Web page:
Or why it is increasingly difficult to take the world elite’s luxury art industry serious. And why there are better deals at places no one has heard of…
Take a close look at these three images:
The basic idea behind them is pretty similar. It’s a landscape shot in rainy weather through a window filled with raindrops. It’s a grey day; dark mood. The camera has been set to focus primarily on the raindrops and thereby make the landscape further away bleary.
It’s a – fascinating – phenomenon in and of itself: what our eyes do not see sharply at once demands more extra attention and reflection. German artist Gerhard Richter has used this challenge too in numerous of his works in which you think you see a blurred photograph while in fact, it’s an oil painting. # 1 is the relatively sharpest image.
Then there are some obvious differences between the three.
In # 1 you see a road and the photographer seems to have been sitting next to the driver. The windscreen wiper has just passed over the raindrops. If there is a hint of drama in # 1 – the dangers of driving in such a weather – that’s not the case in # 2 and # 3 which could have been shot from inside a house, a train or a parked car.
The colours are quite different too. Photo # 1 is really grey, grey road, grey sky – just a little yellow in the field to the right. In # 2 colours do not immediately seem to be natural – it could, however, be a winter landscape with sun falling on snow. The third is probably summer – and there is a sense of movement in it, in contrast to # 2, and also a sense that the rain is about to stop and light coming up over the hilltop.
And there are more differences than meet the eye…
Photograph # 1 is shot by world famous Abbas Kiarostami (b. 1940), an Iranian film director, screenwriter, photographer and film producer. He has called it “Rain Series n 1” and it is from 2007-2008.
Photograph # 2 and 3 are shot by me, Jan Oberg, # 2 in January 2016, # 3 in 2012.
Kiarostami’s Rain image is about 103 x 150 cm and printed in an edition of 2 only. My works are printed by me in maximum A1 format, i.e. roughly 60 x 90 cm, on matte fine art papers (Canson or Hahnemühle) and in editions of 50. Like his, they are signed and numbered on the print.
Which of the three do you like – if any? Can you rank them? Would you like to own one or more of them?
If so, there is one more difference you should know: the price. In January 2016, Kiarostami’s print was estimated at an auction at US $ 20,000-30,000.
My price tag on # 2 and 3 is roughly US$ 450 for the image printed inside the 90 x 60 cm format. So smaller yes – but not that much smaller.
Now, don’t get me wrong.
I am not trying to say that my work is better than this world renown artist’s is. The work that attracts you the most is simply the best. And, probably, if you have US$ 30,000 – you’re likely to make a better investment when buying a Kiarostami photograph.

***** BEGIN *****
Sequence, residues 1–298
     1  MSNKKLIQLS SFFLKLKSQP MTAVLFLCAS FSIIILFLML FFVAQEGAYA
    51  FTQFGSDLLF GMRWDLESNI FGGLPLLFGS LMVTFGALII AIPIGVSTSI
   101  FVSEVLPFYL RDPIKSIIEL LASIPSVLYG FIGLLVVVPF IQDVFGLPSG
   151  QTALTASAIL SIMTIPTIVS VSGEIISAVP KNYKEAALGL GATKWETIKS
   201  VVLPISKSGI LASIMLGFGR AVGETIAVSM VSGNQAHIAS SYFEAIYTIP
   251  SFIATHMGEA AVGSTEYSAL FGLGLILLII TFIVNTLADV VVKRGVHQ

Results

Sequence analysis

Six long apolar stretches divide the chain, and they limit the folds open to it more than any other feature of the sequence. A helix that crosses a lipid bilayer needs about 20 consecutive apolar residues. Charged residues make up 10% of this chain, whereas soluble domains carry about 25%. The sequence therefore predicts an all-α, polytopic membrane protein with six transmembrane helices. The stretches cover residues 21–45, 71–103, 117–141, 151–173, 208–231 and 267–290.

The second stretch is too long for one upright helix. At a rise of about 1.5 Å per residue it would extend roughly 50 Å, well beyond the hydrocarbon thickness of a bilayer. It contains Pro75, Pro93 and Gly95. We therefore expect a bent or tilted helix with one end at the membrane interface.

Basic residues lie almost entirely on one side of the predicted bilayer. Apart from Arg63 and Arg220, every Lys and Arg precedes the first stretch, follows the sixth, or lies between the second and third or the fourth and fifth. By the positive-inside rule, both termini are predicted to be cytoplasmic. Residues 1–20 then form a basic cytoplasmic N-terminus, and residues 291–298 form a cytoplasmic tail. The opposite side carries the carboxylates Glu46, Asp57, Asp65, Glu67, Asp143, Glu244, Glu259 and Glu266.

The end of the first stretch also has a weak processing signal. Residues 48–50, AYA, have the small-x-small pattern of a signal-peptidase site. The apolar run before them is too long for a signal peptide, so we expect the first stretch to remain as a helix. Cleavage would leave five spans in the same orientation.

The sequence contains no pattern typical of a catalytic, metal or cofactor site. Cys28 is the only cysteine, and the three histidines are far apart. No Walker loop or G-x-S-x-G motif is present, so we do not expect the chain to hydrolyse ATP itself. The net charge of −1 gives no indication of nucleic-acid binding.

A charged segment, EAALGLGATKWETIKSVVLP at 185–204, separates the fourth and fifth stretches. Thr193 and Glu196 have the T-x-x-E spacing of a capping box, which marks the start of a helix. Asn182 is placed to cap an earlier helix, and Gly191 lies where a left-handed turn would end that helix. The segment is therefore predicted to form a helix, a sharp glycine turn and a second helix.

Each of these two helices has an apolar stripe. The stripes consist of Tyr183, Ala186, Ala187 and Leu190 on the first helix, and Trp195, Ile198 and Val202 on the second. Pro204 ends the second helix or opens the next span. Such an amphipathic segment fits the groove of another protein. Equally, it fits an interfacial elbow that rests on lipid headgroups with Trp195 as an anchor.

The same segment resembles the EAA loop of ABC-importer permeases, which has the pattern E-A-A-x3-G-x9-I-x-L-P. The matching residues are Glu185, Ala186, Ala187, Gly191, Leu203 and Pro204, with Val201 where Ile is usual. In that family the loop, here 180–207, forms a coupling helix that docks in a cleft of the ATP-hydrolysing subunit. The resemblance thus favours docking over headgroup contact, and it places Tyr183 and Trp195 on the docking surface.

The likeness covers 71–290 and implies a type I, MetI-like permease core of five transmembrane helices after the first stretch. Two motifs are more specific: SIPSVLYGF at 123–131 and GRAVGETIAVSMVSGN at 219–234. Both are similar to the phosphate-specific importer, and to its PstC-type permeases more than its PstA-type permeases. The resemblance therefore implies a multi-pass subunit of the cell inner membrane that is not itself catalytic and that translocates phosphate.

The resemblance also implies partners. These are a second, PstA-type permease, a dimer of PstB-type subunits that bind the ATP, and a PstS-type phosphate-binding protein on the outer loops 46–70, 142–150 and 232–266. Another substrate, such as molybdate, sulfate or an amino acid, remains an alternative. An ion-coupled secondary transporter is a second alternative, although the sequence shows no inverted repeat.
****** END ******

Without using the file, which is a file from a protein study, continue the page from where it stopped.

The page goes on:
But if you are an art lover and not an investor, that shouldn’t count; you should buy what you like, shouldn’t you?
I’m also not implying that expensive art is not or can not be good. Of course, it can.
But what I am saying is that the today’s global market is indeed enigmatic and only a fool may seriously believe that there is a direct relationship between prices and quality in the real world.
I’m also saying that for me as an art photographer, I would much rather that my works make the average citizens happy and give them an opportunity to feel the joy of owning something unique in our mass-producing society.
To have my works available to only a few people in some corporate board room or only in museums or more or less closed private collections might be exciting and feel like a boost – and I would not mind some income that would allow me to pay my costs and also do projects that I dream of.
But whatever the price level or place – I’d like my customers to be art lovers, perhaps in particular young people who are establishing a family and home, don’t have so much money in that stage of their lives but anyhow want to explore the joys of art and of owning something that makes their walls unique. An affordable quality piece.
These very months we are seeing artists like Gerhard Richter protesting the ridiculous prices some works fetch – his own as well as works by Picasso, Hirst, Warhol, Munch or Koons.
We see various connoisseurs predict that the art market price bubble will burst any day. No wonder! It’s the equivalent to artificial Wall Street finance capital illusions.
Here is what former Art Basel director, Lorenzo Rudolf, had to say about the global art market – the “luxury industry” for investors – to the Artsy Magazine on January 19, 2016 – and it is really worth a thought:
“We are in a moment, especially in Asia but all over the world, where the art world is increasingly driven by the market. Today, what is good is what is expensive. The art world has become a more and more brand-driven world, where knowledge is not big.
If somebody buys a $170 million Modigliani it will be in every newspaper, but the best exhibition you have in the world is not even mentioned.
We have to come back to a more balanced discussion about art. If I want to explain what art is and build up knowledge about art, I cannot do it by the numbers…
It has to be a cultural good, a discussion, a debate. In the end, art is an attitude, not only a product.”
I couldn’t agree more.
So – are you an art lover or an investor?
And which of the three pieces above do you think will give you best value for the money you want to spend if you happen to not be one of the 62 multi-billionaires who own as much as the poorest half of humanity?
I take your orders… 🙂